"If you look at the representatives of this State for some years this will be proved past controversy. . . . It is true, in a large representation, we may see that there will be some who are senseless enough. But unfortunately for us, so large a proportion of ours has always been of a cast so completely inferior, being hardly able to show two or three of respectable talents, from among a dozen, that there is no wonder that our State, though so large and populous, is regarded in the very lowest rank in the Union. . . . In what light ought we to view such men as you, who are striving with all your might and main to condemn us to endless continuance in the same unhappy lot?"

        Caldwell then defends the University against the charge of immorality.

        9. "It is customary with you to raise a clamor about the irreligion and vice which you ignorantly affirm to prevail among the youth who are educated at a University. You are industrious

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to search out every boyish trick which you can come to the knowledge of, and you do not fail to paint every act in the deepest colors of criminality and corruption. . . . It is less unjust to you to condemn a whole society of people for the indiscretion or absurd behavior of a few, than it is for these few to be guilty of some absurdities. . . . How dreadful, how unjust, how hard it is that calumny must be forever watching, as with a lynx's eye, the disorders of a few wrong-headed young people, who are mixed up in a college with the body of the students."

        That the ferocity of party spirit was baleful to the University is further shown by a letter written by the eminent "Log-college" teacher and fighting parson, Captain of Cavalry in the Revolution, Rev. Dr. James Hall, acknowledging the degree of D.D. conferred on him in 1810. He was nettled that sometime before his name had been proposed as a Trustee without success. He begs that he be not again nominated, partly because he was in his 69th year and partly because an editor--a "fugitive European" [Joseph Gales] had characterized all clerical Federalists as "Rebel Priests." His uniform character as a patriot and the part he acted through the whole Revolution have not saved him from this and other most odious epithets. One of his co-presbyters had been elected a member, (Rev. Dr. James Wallis), the only Democrat in the Two Presbyteries, consisting of at least thirty members. He urges that party spirit had prevailed too much in the choice of Trustees, and in counselling that more of the clergy should be made members of the Board, he asserts, that it is well known that no set of men under heaven have done so much, or are capable of doing so much for the promotion of literature, as those of the clerical order. He then gives unstinted praise to President Caldwell. "I query if Christendom can produce such an example on that subject as has been, and now may be found in the University of North Carolina." He then announces that he intends to donate a considerable number of volumes to the University, which was afterwards done, a most pleasing proof that this most worthy man, who in his day exerted wide influence for good, retained no malice for the injury which in his opinion the Federalist Trustees had done him.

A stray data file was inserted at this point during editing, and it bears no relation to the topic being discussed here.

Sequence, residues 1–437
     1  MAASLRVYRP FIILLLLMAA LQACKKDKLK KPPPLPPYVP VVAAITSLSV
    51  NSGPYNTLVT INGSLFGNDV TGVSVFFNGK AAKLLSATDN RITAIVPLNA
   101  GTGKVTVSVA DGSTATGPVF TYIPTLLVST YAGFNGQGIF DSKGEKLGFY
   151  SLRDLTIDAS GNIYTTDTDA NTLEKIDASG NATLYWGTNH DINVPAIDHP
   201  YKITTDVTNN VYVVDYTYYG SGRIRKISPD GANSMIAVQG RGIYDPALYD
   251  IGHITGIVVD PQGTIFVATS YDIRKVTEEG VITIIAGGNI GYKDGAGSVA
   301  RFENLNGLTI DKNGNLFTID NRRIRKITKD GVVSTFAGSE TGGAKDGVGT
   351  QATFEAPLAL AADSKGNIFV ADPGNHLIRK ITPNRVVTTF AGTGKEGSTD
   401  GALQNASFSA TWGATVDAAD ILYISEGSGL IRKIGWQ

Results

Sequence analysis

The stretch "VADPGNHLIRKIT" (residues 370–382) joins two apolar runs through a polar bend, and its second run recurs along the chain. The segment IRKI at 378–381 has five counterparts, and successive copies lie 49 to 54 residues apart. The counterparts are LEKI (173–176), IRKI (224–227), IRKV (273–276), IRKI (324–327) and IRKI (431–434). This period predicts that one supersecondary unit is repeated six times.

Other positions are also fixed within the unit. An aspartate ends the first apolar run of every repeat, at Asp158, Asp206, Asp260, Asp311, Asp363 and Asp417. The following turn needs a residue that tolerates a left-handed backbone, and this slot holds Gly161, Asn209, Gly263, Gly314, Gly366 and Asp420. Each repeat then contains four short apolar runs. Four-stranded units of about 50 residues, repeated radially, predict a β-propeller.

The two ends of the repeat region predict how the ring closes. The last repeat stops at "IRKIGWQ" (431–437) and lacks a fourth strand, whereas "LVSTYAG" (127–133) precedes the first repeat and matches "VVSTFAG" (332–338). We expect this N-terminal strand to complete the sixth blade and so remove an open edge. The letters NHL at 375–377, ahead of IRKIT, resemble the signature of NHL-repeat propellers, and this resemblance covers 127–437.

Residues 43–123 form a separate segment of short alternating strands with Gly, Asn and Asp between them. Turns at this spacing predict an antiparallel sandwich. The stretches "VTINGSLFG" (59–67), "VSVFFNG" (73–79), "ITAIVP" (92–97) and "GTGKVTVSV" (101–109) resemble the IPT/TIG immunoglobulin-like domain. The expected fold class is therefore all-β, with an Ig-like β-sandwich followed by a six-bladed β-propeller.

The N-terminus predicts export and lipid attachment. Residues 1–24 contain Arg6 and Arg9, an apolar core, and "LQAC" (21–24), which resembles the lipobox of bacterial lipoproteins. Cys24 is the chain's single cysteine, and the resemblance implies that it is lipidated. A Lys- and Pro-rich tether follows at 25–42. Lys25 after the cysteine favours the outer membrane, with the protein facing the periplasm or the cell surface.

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        When the escheats were restored in 1805, the same act made the Governor for the time being the ex-officio President of the Board of Trustees. Further popularity was gained by giving the General Assembly on joint ballot the power of filling vacancies, and, to ensure regularity of attendance, two years continued absence from meetings forfeited the seat of the delinquent.

        In 1807 the Board was rendered more efficient by making seven members a quorum for transacting business. In 1809 balances in the hands of executors and administrators, remaining for seven years unclaimed, were vested in the University. And so were likewise balances due the State by Sheriffs and other officers prior to December 31st, 1799, but of course claims of such venerable antiquity were not copious fountains of wealth. It shows badly either for the financial integrity of the officers of the old times, or for the accuracy of their business methods, that there were no less than sixty-eight judgments and other evidences of debt against the same number of defaulters turned over to the University. Among these there were seven clerks, sixteen sheriffs, nineteen sellers of confiscated property, nine entry-takers, eight agents for sale of lottery tickets in which the State, in behalf of the city of Raleigh, was interested, one "Commissionary," i. e. Commissary, and two judges. The dues of the judges, Samuel Spencer and John Haywood, were for licenses of lawyers. The total amount due amounted to the handsome sum--on paper--of $111,010 certificates and $38,942 in money.